Monday, September 12, 2011

Umbrian Medieval Games

In many cities of Umbria, during the medieval and early modern period, it was customary during certain times of year or solemn festivities to engage in horse shows and popular games, some of which arrived to this day. Others have fallen into almost complete oblivion. It was customary to run the palio setting up a horse race, with or without a rider, whose prize was the "pallium", that is a precious cloth of fine fabric, sometimes embroidered with civic insignia or with gold tooling. Palios were well known in Citta di Castello, Norcia, Gubbio, Perugia, Terni and Orvieto.
This game, the most ancient and simple, over the years was surpassed and almost definitely replaced between the Sixteenth and Seventeenth centuries by the Quintana joust. It consisted of individual riders usually involved hitting a target with a spear. The target was represented by a sign with colored bands, a slip-ring, or a puppet with Moorish appearance, the well-known Saracen, so fashionable especially after the battle of Lepanto.
When the image of Quintana consisted of a human figure, usually a bust, one point was worth a blow to the beard, two points the face and the maximum score was achieved by centering the middle of the forehead.
Obviously, with the changing of customs and rules and the larger influence of young aristocrats who could keep more horses and luxurious trappings, the types of prizes to winners also changed. From the prices of the beginnings consisting of civic symbols, baskets of bread, roast meat or hunting falcons, in the Seventeenth century the noble knights engaged in a real tournament were awarded gold jewelry, silk stockings and jeweled crowns.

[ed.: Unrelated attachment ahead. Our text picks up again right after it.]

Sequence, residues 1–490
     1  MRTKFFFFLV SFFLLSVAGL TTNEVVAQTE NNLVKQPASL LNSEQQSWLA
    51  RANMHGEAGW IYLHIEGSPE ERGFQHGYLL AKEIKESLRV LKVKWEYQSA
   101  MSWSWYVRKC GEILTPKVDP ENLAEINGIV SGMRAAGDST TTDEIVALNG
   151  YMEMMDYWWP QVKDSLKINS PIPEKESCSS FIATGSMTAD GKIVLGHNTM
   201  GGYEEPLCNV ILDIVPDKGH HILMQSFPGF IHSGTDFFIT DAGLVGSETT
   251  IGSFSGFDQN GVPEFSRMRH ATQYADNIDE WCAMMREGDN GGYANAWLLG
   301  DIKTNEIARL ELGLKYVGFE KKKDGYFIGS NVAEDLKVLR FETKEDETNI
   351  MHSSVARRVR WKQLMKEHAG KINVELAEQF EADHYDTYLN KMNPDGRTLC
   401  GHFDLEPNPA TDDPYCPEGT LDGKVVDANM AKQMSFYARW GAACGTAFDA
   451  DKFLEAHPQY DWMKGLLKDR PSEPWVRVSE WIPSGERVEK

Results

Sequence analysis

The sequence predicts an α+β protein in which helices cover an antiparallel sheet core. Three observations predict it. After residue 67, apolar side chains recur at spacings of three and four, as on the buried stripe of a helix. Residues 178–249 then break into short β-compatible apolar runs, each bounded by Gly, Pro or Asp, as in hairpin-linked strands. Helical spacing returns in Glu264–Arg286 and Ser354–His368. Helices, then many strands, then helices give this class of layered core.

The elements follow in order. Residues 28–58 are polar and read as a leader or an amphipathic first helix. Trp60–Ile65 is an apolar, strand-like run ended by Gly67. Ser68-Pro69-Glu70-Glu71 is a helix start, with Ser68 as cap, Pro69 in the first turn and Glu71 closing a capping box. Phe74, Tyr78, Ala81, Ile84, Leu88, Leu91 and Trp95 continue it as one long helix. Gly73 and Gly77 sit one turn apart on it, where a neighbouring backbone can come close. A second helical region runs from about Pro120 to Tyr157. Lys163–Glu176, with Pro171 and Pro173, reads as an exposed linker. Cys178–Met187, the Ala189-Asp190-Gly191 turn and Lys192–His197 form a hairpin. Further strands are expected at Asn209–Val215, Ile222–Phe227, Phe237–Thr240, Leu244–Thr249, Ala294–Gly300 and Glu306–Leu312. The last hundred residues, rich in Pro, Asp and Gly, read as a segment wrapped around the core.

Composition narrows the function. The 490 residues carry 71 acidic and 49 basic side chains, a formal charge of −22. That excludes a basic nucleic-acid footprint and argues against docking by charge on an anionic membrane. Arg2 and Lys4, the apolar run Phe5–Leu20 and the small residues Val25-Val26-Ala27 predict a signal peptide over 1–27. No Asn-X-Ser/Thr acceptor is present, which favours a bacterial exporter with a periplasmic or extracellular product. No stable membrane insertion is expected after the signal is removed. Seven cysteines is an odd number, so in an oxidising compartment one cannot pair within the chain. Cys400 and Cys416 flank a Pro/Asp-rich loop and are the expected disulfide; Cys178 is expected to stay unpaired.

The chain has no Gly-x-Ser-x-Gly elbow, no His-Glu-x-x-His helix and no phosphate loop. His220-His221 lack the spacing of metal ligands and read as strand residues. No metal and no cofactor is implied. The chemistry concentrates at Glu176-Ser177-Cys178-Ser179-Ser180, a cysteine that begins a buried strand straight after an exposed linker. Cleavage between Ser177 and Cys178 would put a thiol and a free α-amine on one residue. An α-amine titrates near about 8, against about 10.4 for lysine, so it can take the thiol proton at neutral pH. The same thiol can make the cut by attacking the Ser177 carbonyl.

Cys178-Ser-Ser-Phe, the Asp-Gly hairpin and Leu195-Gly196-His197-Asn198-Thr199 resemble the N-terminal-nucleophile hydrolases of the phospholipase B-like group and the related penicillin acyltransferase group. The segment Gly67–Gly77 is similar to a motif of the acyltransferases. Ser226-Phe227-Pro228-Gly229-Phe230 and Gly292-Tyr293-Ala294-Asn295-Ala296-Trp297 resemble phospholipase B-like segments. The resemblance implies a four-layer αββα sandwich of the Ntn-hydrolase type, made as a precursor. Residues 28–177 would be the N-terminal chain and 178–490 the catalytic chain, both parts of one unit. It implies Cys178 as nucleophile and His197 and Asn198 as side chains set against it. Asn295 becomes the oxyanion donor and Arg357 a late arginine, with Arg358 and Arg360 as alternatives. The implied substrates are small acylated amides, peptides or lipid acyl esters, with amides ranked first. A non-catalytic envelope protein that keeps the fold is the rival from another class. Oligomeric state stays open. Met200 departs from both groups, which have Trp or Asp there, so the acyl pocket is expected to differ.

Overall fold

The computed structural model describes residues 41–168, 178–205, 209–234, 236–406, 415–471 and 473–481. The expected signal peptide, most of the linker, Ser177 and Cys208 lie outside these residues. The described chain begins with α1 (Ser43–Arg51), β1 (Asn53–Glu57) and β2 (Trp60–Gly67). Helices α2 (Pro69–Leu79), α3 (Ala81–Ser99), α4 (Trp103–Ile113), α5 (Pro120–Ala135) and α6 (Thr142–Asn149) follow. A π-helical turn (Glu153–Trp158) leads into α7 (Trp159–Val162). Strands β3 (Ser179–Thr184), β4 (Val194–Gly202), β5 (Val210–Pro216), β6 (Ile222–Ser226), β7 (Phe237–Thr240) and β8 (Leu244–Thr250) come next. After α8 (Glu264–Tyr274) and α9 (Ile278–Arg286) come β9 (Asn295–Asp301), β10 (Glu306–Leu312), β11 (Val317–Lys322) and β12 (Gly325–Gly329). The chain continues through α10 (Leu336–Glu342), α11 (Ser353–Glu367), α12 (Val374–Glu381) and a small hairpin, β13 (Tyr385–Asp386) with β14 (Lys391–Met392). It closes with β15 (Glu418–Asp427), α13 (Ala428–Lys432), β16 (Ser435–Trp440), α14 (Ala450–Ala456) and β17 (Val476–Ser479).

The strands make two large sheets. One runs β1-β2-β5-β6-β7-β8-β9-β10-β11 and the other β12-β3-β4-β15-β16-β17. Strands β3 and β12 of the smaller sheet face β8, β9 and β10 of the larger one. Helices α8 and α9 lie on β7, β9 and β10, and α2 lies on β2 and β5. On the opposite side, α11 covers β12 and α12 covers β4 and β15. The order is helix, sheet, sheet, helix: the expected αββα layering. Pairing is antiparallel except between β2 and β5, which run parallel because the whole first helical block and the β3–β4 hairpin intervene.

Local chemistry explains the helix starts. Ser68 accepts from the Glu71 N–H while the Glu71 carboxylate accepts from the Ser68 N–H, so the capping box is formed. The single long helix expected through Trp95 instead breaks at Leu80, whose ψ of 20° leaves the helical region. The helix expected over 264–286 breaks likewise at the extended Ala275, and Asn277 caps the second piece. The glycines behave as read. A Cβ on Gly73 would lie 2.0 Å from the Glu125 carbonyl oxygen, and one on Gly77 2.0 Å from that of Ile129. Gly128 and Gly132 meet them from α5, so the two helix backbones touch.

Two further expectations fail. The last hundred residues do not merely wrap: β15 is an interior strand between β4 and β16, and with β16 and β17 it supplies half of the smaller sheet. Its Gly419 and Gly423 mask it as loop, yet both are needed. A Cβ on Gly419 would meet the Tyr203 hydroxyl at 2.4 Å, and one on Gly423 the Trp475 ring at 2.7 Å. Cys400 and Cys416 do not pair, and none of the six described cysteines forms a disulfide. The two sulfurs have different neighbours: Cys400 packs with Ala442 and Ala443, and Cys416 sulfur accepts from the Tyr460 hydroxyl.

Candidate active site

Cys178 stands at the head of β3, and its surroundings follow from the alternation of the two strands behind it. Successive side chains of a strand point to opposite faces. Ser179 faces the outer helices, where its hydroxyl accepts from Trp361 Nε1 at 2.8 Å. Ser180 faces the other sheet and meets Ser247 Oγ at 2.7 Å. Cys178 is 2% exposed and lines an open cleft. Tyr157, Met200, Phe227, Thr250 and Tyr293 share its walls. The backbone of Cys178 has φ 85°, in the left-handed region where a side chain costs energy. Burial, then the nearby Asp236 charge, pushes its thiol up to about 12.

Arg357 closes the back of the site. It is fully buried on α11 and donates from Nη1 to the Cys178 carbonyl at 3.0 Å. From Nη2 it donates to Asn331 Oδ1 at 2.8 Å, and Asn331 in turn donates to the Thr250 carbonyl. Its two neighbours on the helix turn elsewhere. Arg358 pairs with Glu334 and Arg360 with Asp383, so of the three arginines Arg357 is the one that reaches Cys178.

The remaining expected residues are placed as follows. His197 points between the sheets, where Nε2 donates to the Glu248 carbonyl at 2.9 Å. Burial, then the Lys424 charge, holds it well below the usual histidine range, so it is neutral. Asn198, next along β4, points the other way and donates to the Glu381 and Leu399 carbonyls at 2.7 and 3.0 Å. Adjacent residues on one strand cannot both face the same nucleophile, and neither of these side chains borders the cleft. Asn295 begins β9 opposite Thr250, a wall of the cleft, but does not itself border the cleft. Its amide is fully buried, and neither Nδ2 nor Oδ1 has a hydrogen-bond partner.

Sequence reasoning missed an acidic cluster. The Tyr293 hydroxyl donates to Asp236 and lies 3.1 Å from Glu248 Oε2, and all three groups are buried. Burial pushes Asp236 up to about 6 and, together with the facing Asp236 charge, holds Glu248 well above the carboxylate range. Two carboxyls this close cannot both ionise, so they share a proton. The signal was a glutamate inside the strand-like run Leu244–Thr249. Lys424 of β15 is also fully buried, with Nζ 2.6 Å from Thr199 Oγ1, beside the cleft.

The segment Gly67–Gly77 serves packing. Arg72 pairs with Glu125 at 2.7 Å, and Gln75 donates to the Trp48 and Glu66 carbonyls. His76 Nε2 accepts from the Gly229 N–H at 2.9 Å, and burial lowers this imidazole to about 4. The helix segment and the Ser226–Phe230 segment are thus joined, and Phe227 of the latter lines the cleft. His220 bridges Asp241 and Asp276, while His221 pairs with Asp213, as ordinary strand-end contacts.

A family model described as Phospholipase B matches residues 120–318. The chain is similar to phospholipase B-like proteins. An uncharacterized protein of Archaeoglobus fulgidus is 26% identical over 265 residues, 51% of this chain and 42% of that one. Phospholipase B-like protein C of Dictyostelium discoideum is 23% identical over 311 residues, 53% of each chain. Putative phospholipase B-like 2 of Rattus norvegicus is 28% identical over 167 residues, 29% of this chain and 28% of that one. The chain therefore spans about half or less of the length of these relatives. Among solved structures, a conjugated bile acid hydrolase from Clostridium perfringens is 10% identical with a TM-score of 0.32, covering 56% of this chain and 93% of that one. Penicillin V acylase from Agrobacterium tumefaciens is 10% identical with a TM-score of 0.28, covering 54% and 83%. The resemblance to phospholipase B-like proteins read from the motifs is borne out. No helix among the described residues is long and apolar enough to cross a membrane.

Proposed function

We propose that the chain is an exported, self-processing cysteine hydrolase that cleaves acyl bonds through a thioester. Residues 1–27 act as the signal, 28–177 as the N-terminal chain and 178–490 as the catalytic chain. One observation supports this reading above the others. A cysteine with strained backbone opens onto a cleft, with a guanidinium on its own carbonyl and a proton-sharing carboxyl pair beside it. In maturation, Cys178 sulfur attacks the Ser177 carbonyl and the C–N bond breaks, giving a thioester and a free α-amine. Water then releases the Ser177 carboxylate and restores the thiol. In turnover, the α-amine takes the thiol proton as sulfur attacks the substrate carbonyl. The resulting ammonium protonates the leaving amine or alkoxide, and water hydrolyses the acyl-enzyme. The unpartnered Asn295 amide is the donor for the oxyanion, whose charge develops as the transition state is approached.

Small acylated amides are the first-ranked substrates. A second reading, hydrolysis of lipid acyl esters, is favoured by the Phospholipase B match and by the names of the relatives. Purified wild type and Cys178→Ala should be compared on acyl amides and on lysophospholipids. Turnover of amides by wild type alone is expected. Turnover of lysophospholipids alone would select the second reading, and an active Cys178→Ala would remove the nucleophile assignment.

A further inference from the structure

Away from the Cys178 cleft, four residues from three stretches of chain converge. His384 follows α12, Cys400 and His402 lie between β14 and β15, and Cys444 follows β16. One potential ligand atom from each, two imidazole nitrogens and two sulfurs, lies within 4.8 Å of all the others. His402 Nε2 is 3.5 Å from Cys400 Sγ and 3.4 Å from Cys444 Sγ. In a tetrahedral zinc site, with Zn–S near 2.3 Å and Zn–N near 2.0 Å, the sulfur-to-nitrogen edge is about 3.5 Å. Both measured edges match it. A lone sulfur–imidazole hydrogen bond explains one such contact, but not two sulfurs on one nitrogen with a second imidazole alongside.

Much less familiar, if not entirely disappeared, is the memory of two other ancient games, also very popular in the Thirteenth and Fifteenth centuries.
Such games, if one can call them that, were in fact real battles which saw bulls and dogs deployed in the field and teams of boys armed with stones. Both were common in Perugia since 1260 to honor, along with the Palio, the feast of All Saints or the patron saint of Herculaneum, which is November 1st and March.
The so-called "chasing the bull" was a sort of bull-fighting. The fight was set on dirt with a fence of poles and woven hemp rope, in which a large Chianina bull coming from Chiusi was introduced. Unlike the modern Spanish bullfight, it was not a man who fought against the beast, but a pack of trained dogs, which had the task of attacking and biting the bull.
At the end of the conflict, the carcass was cut and the meat distributed among the spectators. It's pretty obvious that with the passing of time, this practice became less and less tolerable, and such a sight in the mid-Fifteenth century, especially with Bernardiniana sermons, began to fade and hunting being prohibited.
But Perugia, as mentioned above, was famous for another game, also known as the "game of Perugia" perhaps for the fame it enjoyed, also called stone-throwing.